Stanford Receiver Wins Fight Over Bank Funds

     (CN) - The 5th Circuit refused to let a bank withhold $1.98 million from the court-appointed receiver for convicted Ponzi schemer R. Allen Stanford.
     Before Stanford was convicted in Houston, Texas, over his $7 billion Ponzi scheme that involved phony certificates of deposit, Trustmark National Bank issued letters of credit to several businesses that did business with him.
     HP Financial Services Venezuela, for example, received a $1.98 million loan in 2007 in connection to computer equipment it leased to Stanford.
     Trustmark secured liability on the letter by issuing a certificate of deposit to Stanford, who then placed cash collateral in a Trustmark deposit account.
     The 63-year-old is serving 110 years in federal prison.
     A federal judge in Dallas allowed HPFS to present its letter of credit to Trustmark for payment, but refused to let the bank offset that with Stanford's cash collateral. Later, the court ordered Trustmark to turn over the cash collateral.
     On appeal, Trustmark argued that the turnover order violated due process because it "destroyed" its perfected secured creditor status without sufficient procedural safeguards.
     The bank argued that its eventual participation in the receivership claims process as a creditor is not an "adequate substitute" for the immediate seizure of the cash collateral at least until the receiver proposes and the trial court approves a claims-distribution plan.
     A three-judge panel of the 5th Circuit disagreed Wednesday, reminding Trustmark that it has already affirmed the cash collateral was Stanford property and part of the receivership estate.
     "Accordingly, the turnover order did not effect any deprivation from Trustmark as to those funds, and Trustmark does not argue otherwise," the unsigned opinion states. "Instead, Trustmark contends that its security interest in the deposit funds constitutes a due process property interest, distinct from the underlying Stanford funds, that has been 'destroy[ed]' by the turnover order. Trustmark acknowledges that this court has not previously addressed the question of whether a bank's security interest in cash collateral on deposit constitutes a property interest for procedural due process purposes, and we need not decide that question in this appeal. Rather, assuming that Trustmark's security interest is property within the meaning of the due process clause of the Fifth Amendment, we conclude that Trustmark has failed to 'demonstrate that the '[District Court] has deprived [it]' of that interest.'"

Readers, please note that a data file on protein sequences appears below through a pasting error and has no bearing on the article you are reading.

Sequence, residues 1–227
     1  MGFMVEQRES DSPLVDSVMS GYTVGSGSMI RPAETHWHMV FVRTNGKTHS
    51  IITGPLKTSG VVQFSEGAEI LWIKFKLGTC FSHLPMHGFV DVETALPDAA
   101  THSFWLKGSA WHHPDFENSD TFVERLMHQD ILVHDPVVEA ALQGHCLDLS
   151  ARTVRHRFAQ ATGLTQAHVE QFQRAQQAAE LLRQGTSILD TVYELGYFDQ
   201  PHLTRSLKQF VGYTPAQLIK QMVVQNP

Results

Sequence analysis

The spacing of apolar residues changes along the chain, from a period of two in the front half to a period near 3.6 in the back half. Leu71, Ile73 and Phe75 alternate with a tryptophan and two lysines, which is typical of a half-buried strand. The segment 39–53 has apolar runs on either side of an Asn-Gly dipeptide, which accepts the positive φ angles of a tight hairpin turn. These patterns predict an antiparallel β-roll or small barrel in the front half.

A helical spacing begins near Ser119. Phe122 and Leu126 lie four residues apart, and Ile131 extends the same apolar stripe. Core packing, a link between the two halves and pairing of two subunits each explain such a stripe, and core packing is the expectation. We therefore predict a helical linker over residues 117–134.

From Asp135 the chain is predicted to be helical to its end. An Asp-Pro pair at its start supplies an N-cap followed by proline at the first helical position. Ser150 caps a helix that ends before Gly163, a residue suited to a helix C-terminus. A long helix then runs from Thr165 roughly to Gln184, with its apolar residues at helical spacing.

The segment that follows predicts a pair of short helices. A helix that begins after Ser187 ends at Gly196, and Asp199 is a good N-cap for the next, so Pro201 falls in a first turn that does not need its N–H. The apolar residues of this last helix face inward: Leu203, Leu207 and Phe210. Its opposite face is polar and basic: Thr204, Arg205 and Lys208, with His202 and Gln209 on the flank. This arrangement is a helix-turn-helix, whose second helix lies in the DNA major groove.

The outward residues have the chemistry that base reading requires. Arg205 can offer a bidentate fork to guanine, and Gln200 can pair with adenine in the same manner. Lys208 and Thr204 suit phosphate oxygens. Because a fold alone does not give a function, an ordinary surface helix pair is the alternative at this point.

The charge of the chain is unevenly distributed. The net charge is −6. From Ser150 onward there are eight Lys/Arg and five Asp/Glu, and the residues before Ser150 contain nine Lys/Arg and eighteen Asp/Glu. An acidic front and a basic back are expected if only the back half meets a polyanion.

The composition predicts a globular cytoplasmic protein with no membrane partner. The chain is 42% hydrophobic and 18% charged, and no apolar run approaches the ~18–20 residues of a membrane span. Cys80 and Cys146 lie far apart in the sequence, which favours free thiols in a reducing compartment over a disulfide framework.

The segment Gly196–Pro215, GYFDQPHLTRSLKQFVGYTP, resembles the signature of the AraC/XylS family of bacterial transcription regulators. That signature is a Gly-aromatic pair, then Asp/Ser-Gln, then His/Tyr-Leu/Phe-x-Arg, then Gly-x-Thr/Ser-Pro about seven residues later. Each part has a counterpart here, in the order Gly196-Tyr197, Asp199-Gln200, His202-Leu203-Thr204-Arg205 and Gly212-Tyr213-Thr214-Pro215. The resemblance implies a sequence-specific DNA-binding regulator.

The New Orleans-based panel agreed with receiver Ralph Janvey that whatever money collected from Trustmark is subject to pre-existing security interests Trustmark may have had.
     "Indeed, Trustmark acknowledges that [t]he receiver took all of Stanford's claims, including its Certificate of Deposit here, subject to all liens, priorities, or privileges existing ... under state laws," the opinion states. "In short, the very authorities that Trustmark cites in support of its argument that the turnover order 'destroy[ed]' its security interest are directly contrary to that proposition."
     Trustmark also argued that the turnover order violated a federal law that bans state courts from issuing "attachment, injunction or execution" against a national bank "before final judgment." It said the U.S. Supreme Court has held the law applies on federal courts, as well.
     The panel deems this reliance as "misplaced," however, noting that the high court has since clarified the "anti-injunction" provision as having a limited scope.
     Congress intended only to prevent state judicial action that would have seized bank property before final judgment, according to the ruling.
     Since his appointment, Janvey has launched several dozen federal lawsuits for disgorgement and fraudulent transfer against former Stanford entities and employees, individual investors, and recipients of Ponzi scheme proceeds.
     The attorney with Krage Janvey in Dallas recently sued hundreds of investors who earned interest and profited on their investments in the scheme. Earlier, he sued the Libyan government for over $54 million in payments it allegedly received. Janvey has also sued attorneys formerly with Greenberg Traurig and Hunton & Williams, alleging they helped Stanford get away with his scheme. He also sued several Republican and Democratic political committees for more than $1.6 million in contributions paid by Stanford.